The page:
“The kind of technological revolution called for by energy experts typically does not occur via regulatory fiat” — claim Shellenberger & Nordhaus. Actually, that is typically the only way it occurs. I defy anyone to name a country that has successfully adopted alternative fuels for vehicles without employing some kind of regulatory mandate.
This is also true in the electricity sector. Consider that in terms of electricity consumption, the average Californian generates under one third of the carbon dioxide emissions of the average American while paying the same annual bill.
Did they accomplish this by technology breakthroughs that S&N (mistakenly) say we need? Not at all. They did it by accelerating the deployment of boring old technology – insulation, efficient lightbulbs, refrigerators, and other appliances, light-colored roofs and so on– through tough building codes and intelligent utility regulations, especially ones that put efficiency on an equal footing with new generation. The result: From 1976 to 2005, electricity consumption per capita grew 60 percent in the rest of the nation, while it stayed flat in hi-tech, fast-growing California.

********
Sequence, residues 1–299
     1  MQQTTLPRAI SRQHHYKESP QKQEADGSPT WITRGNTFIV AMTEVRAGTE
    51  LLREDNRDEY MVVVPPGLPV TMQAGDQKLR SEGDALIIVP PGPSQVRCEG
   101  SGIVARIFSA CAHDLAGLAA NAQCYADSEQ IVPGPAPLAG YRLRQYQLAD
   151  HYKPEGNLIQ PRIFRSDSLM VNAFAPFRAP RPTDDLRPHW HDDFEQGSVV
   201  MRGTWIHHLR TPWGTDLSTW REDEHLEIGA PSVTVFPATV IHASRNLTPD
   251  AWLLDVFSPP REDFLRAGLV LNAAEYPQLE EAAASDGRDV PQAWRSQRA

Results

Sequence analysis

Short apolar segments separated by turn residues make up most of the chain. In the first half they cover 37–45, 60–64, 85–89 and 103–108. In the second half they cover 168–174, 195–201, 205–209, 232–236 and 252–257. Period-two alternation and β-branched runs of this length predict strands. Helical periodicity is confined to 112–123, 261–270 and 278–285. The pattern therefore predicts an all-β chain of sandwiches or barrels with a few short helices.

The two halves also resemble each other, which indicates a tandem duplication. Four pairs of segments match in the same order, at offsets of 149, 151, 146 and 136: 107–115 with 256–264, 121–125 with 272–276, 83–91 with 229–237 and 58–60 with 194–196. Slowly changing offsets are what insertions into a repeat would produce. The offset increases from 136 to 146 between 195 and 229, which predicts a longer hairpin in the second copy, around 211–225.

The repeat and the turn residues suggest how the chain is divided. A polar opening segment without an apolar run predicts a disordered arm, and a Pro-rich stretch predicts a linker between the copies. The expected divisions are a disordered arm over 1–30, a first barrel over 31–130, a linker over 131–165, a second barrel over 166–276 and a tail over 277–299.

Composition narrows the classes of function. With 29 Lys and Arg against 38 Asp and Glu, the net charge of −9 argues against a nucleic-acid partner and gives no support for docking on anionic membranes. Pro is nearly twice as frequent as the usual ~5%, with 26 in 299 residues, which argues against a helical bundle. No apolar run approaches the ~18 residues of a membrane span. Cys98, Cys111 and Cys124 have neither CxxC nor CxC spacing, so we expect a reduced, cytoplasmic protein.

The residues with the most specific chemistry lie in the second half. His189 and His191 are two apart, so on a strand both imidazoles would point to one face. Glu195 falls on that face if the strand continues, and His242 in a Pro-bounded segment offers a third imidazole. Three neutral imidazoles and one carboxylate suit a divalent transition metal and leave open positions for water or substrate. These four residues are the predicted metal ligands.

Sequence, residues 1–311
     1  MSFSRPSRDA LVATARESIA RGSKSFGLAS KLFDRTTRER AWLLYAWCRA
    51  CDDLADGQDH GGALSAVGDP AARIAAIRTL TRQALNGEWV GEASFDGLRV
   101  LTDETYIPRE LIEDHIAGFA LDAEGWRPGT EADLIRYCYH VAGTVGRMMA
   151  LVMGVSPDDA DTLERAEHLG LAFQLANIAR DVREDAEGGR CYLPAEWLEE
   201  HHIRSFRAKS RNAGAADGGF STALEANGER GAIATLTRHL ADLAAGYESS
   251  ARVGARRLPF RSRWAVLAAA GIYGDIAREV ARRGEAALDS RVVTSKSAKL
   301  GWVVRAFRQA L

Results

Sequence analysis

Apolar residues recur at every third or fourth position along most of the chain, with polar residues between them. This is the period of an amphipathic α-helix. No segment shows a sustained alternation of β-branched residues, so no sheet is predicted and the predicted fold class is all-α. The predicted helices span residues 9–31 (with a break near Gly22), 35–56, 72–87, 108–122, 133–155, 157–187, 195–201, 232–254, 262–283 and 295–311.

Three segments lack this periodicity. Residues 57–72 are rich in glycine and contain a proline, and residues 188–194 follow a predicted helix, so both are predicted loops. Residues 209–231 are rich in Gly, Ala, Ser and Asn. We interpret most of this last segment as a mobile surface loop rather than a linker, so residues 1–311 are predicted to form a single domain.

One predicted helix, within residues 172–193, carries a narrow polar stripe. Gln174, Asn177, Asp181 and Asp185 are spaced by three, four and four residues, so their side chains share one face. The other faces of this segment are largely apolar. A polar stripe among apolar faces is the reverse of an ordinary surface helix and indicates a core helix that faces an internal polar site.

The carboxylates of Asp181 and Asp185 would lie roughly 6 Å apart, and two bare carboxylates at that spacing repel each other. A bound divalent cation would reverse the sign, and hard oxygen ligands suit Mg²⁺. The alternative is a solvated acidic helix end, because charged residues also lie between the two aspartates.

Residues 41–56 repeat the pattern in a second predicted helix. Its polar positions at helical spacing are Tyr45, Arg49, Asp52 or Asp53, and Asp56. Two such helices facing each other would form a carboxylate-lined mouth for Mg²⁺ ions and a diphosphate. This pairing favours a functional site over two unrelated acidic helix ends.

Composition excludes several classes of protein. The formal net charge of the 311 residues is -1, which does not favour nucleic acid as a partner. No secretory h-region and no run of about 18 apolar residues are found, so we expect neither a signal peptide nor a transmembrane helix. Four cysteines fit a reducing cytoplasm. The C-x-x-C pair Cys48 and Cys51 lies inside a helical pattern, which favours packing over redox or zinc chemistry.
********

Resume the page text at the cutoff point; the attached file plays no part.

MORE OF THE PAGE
S&N think we must have a massive $30 billion a year government programs and clean technologies. A central argument of theirs is that “Big, long-term investments in new technologies are made only by governments.” This is perhaps half true, but 100% irrelevant. What we need is big, long-term investment in existing technologies — and that is made primarily by the private sector stimulated by government regulations.
Why isn’t government spending more important? Let me relate an eye-opening story from my time in government.